@Sleeping Dog: the 2024’s are going to be an interesting GOP primary. A dozen people competing in who can be the biggest asshole. I predict at least one candidate gives an appearance where they Roll Coal. Not to be outdone, another publicly hacksaws the catalytic converter off a Harley and does donuts around Antarctica. His inability to run over a seal will end his candidacy, with OAN calling him a Gay Libtard.
Ive had a little time to reflect but I am still angry that the option Biden selected embarrassed us Militarily and professionally. We didn’t deserve the Taliban getting worldwide press celebrating on the field with time on the clock. It was avoidable.
I dont give a shit that the Chairman is our covering his Bosses ass by saying they didn’t have intel indicators of rapid collapse. There are Generals outside of the Pentagon and closer to the fight that supervised the formulation of our options. Have you seen them on TV? Guess why not? Because they don’t have the plausibility to say what the Chairman said without lying. We are not authorized to knowingly lie…but you may omit or deflect.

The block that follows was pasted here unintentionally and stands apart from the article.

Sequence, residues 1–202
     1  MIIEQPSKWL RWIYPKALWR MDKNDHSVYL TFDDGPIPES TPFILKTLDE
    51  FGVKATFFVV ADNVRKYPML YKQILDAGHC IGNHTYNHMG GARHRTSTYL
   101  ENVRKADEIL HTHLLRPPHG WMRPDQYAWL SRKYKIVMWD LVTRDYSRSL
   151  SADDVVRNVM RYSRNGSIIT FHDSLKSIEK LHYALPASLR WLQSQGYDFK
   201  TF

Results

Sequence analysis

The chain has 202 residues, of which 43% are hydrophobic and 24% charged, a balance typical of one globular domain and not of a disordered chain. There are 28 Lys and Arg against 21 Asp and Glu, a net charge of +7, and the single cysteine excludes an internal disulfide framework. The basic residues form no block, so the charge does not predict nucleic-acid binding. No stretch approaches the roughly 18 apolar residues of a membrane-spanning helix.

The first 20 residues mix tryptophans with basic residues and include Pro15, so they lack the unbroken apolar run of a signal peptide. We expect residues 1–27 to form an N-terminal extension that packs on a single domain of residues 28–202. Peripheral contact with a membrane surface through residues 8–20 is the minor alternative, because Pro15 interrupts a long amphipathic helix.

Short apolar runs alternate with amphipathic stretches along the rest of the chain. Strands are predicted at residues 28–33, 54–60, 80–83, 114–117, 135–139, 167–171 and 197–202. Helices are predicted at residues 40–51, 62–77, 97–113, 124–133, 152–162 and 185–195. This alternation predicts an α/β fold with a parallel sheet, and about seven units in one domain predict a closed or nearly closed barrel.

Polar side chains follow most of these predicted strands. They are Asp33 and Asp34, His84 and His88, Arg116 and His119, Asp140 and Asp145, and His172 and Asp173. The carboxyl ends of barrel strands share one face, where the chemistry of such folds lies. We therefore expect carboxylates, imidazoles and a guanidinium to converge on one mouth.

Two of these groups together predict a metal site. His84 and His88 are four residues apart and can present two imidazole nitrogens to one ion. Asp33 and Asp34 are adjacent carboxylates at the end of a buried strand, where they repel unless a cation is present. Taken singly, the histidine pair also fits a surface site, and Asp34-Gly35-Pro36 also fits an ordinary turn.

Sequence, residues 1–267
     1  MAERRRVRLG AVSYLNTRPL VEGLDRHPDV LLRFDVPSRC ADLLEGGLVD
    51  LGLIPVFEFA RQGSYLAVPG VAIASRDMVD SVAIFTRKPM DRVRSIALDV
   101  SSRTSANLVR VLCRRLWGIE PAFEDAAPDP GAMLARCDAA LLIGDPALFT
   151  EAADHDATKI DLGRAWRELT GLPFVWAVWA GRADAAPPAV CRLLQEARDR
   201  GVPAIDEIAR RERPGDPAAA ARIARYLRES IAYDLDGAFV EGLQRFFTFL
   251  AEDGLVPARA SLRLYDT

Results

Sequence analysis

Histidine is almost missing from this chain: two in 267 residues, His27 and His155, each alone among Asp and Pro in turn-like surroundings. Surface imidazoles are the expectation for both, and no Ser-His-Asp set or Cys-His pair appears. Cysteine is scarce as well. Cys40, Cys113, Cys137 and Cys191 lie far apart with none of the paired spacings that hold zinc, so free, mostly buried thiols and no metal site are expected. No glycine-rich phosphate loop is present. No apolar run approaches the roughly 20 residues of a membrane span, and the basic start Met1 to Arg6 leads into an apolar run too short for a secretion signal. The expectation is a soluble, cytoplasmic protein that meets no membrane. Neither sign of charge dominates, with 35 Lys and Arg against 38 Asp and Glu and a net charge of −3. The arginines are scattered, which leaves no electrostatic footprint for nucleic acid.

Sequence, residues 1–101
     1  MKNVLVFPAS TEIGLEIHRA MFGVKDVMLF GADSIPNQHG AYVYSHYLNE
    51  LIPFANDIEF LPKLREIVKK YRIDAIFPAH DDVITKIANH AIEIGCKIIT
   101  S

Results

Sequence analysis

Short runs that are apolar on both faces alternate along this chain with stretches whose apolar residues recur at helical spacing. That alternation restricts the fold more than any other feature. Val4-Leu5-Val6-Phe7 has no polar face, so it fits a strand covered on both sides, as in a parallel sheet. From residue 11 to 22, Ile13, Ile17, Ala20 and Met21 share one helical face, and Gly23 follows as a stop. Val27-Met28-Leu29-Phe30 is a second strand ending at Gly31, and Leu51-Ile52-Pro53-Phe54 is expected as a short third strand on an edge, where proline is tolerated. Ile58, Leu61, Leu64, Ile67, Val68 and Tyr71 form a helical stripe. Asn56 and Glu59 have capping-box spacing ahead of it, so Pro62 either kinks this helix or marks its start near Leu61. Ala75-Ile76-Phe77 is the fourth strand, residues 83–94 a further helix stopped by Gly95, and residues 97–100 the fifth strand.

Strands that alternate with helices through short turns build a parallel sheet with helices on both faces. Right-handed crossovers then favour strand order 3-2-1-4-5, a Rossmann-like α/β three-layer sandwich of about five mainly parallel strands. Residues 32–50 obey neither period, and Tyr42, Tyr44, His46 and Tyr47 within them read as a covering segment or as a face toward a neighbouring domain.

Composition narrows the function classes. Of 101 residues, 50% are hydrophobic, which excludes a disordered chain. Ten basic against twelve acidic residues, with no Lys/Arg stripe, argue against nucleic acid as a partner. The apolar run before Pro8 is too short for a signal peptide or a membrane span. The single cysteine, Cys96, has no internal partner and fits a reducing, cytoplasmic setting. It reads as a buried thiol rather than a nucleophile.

At any rate, and this is Jim Brown speculation, I think Biden really wanted to follow through on screwing the Afghan political leaders who were our main pillar against our efforts there. Why should you assholes continue to get Fat of our presence if you aren’t going to hold up your end of the bargain? Enjoy your exiles.
Its clear that this wasn’t about stability because we could have maintained that no problem with minimal investment. This was about telling our afghan political partners…fuck you.
The fact that those partners took their cash and fleed the country while telling everyone below them they were staying is proof of what real snakes we were dealing with. You would be surprised the high level of offcials that were in those crowds trying to get flights out. They didn’t know.
Ultimately what did us in is tribalism. Its growing here but is still manageable because our tribes are large and still give way to nationalism on many things to work with other tribes.
There, the Afghan elite formed thier own little tribe to leech money and fuck everyone else. It simply cant work. Throw in the anti-intellectualism baked into many of their cultural practices and you have what amounts to crabs in a barrel… which happens anywhere those 2 factors are present. The higher the level of government, the more the nation as a whole will suffer.
@Jim Brown 32: